MEDIA RELEASE: The Australian Fodder Industry Association
Friday 25 October, 2013
Patience the key to curing frosted cereal hay
Following the widespread frost damage to crops throughout areas of New South Wales and Victoria, the Australian Fodder Industry Association (AFIA) is reminding growers considering hay as an option for frosted crops to make a sure their hay is properly cured to avoid haystack fires.
“We’ve seen frosts hit cereal crops through NSW and Victoria, starting south of Dubbo moving right through to central Victoria. This is leaving many farmers with the tough decision of whether to cut crops for hay now or take them through to harvest” said AFIA Executive Officer Darren Keating.
“If the call is made to cut there are a number of things to consider including access to hay making equipment or contractors and marketing options, but you also need to remember the basics on making hay. Once the decision is made to cut the crop get it done as soon as possible conserve as much of the nutritional quality in the hay as you can. However once the crop is cut you need to be patient to ensure that hay is properly cured. Remember there is no set number of days the hay needs to sit before you bale it” Mr Keating said.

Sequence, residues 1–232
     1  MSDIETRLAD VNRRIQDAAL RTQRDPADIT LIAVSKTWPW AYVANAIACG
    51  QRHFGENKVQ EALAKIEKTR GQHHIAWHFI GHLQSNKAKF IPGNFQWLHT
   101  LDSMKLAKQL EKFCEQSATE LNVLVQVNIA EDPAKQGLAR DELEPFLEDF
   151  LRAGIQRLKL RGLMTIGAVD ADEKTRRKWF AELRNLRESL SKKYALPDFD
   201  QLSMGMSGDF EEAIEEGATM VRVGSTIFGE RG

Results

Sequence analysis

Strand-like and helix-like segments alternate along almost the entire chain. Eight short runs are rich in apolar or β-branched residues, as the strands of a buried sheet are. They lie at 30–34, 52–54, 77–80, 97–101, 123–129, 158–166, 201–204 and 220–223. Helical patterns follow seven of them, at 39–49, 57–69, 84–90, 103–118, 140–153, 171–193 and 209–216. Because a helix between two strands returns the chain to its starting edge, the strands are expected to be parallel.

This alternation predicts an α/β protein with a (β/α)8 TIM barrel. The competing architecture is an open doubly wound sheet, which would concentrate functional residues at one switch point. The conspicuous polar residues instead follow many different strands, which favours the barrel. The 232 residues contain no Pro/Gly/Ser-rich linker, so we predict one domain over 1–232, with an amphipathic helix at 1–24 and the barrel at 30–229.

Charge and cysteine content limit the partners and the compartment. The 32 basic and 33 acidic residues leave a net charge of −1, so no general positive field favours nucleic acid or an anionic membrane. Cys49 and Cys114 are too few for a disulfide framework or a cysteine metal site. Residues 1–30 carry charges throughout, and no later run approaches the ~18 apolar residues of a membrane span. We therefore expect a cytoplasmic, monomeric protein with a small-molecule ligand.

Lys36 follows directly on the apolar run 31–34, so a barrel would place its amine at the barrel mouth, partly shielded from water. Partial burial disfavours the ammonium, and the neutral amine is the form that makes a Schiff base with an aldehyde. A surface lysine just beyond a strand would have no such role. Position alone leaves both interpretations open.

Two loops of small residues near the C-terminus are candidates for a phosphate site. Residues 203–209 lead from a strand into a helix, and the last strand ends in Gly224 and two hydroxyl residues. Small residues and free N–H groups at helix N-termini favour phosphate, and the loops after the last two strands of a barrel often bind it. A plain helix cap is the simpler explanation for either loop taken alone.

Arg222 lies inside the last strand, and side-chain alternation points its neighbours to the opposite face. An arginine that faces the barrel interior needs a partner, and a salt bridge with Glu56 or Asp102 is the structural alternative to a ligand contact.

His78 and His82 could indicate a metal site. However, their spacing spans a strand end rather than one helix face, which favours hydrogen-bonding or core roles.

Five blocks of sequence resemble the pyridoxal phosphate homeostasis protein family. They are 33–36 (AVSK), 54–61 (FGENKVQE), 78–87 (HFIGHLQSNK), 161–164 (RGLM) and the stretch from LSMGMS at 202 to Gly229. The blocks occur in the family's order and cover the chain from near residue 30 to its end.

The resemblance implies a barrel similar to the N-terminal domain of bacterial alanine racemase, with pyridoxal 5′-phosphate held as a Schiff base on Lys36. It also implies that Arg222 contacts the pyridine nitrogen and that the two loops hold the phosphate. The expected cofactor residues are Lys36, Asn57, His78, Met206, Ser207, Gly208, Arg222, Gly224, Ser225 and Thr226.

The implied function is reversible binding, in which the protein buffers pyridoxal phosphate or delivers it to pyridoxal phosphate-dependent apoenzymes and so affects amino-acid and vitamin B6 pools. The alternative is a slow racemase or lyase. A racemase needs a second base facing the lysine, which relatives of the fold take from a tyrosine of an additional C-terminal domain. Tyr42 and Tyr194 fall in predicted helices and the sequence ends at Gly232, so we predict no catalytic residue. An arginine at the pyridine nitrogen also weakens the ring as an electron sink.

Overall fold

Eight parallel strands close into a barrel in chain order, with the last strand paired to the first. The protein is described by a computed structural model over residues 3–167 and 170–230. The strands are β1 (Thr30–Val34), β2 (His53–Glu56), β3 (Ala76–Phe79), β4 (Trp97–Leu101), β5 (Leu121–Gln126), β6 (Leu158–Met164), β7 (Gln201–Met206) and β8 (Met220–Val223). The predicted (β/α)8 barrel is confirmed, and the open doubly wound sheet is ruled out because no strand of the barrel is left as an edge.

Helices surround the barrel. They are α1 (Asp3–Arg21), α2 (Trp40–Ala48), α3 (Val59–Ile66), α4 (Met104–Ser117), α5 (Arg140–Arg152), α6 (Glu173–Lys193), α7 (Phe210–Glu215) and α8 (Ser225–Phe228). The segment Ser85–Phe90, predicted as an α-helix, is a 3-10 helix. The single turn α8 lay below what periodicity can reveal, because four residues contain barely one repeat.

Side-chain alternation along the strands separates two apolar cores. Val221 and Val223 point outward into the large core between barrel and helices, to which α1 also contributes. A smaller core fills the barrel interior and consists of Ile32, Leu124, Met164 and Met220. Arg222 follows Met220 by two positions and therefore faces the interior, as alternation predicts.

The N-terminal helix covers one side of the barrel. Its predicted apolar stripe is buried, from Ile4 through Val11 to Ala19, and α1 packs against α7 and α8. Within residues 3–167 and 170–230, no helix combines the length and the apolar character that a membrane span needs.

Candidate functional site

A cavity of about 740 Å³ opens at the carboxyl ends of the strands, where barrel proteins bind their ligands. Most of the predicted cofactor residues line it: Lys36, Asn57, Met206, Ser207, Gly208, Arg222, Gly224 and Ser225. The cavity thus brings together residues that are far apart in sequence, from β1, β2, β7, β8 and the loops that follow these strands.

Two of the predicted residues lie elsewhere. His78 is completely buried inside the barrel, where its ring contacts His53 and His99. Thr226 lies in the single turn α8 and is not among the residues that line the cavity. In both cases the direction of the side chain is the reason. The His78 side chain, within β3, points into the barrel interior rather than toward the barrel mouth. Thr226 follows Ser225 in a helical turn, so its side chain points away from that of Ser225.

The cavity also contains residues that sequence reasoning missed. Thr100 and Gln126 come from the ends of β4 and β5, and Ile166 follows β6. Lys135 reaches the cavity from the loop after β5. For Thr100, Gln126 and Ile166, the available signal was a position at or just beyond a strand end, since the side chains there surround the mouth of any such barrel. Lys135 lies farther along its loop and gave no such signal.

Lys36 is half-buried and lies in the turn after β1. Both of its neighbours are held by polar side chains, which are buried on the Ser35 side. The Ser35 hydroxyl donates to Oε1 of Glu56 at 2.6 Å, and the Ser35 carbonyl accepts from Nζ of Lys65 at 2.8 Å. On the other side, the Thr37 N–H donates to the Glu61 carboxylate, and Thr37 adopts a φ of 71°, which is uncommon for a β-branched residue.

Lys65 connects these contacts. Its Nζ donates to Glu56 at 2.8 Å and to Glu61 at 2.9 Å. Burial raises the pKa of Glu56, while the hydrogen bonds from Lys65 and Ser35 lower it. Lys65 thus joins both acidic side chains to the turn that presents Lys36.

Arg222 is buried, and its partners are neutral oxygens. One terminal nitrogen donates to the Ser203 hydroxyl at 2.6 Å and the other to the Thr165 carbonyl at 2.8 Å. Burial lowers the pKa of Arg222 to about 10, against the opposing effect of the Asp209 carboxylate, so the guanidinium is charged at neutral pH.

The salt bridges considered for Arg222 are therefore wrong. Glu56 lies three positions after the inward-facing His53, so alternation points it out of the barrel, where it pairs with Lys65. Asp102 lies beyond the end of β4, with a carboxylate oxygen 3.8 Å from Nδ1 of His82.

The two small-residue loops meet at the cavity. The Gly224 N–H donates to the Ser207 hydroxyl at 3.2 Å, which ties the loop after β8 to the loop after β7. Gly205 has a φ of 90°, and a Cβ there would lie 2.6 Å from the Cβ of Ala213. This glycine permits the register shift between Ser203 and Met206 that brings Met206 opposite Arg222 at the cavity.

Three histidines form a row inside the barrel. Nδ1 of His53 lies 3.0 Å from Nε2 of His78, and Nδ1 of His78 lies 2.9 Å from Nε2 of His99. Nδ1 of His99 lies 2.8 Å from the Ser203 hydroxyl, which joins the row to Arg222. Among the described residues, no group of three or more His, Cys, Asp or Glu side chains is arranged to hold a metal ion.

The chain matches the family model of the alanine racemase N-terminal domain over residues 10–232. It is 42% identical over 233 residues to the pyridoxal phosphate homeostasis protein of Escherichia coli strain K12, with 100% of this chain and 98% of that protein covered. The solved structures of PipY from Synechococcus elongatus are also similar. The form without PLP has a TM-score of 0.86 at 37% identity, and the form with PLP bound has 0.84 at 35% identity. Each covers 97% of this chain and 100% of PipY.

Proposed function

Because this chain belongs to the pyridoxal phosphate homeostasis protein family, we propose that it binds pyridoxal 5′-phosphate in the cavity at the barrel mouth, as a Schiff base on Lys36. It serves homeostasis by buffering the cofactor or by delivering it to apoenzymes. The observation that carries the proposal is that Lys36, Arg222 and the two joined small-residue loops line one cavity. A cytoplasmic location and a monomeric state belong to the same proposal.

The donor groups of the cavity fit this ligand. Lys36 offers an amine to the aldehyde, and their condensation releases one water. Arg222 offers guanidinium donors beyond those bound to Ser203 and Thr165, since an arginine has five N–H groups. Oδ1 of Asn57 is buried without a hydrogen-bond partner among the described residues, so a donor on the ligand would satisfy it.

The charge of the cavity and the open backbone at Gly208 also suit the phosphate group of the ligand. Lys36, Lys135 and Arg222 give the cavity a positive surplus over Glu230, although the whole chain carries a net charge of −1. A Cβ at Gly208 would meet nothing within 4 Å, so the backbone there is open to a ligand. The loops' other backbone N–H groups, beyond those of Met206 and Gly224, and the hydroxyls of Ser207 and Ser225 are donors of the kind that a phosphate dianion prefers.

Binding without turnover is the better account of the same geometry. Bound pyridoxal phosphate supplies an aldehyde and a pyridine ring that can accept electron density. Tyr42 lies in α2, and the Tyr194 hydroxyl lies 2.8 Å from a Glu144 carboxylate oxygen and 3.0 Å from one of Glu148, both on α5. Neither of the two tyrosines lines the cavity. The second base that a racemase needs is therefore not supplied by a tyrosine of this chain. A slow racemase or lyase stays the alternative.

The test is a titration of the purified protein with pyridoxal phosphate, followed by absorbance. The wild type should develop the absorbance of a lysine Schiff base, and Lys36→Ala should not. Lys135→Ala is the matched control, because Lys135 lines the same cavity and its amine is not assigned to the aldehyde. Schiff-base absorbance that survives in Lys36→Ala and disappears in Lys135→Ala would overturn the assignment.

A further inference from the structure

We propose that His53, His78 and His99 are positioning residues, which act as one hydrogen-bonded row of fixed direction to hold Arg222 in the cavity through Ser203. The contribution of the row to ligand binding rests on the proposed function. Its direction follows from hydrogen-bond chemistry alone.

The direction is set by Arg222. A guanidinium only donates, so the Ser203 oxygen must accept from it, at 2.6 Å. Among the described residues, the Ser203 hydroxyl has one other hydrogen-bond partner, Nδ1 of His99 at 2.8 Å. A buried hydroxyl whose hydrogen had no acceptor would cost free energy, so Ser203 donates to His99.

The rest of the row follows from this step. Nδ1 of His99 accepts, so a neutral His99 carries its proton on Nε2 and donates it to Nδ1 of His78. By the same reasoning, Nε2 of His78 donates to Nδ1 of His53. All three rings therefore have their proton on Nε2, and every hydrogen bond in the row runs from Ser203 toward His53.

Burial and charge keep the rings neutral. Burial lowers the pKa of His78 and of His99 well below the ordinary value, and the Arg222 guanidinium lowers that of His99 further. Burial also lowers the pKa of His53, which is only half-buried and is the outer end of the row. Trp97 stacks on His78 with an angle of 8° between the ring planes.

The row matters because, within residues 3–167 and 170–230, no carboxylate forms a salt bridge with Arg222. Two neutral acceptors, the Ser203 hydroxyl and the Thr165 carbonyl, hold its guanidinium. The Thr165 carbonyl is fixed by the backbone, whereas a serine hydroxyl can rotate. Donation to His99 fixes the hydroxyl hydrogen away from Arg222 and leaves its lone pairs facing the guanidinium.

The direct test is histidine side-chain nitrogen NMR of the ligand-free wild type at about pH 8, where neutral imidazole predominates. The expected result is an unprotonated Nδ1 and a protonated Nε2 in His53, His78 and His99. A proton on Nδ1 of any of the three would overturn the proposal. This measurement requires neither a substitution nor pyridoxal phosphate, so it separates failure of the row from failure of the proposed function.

“Getting curing right is important as we don’t want to see hay shed fires resulting from poorly cured hay. If you are unsure talk to your local agronomist or work with your contractor to make sure your moisture levels are right” continued Mr Keating.
“There are also some simple tests you can do yourself to check such as looking at head emergence and the “bulbar test”. More information on curing hay can be found on the AFIA website in the Fodder Care Fact sheet – Knowledge, patience and experience the cure for quality hay” concluded Mr Keating.
To download a copy click Fodder Care Fact Sheet – Knowledge, patience and experience the cure for quality hay” or contact the AFIA office on 03 9530 2199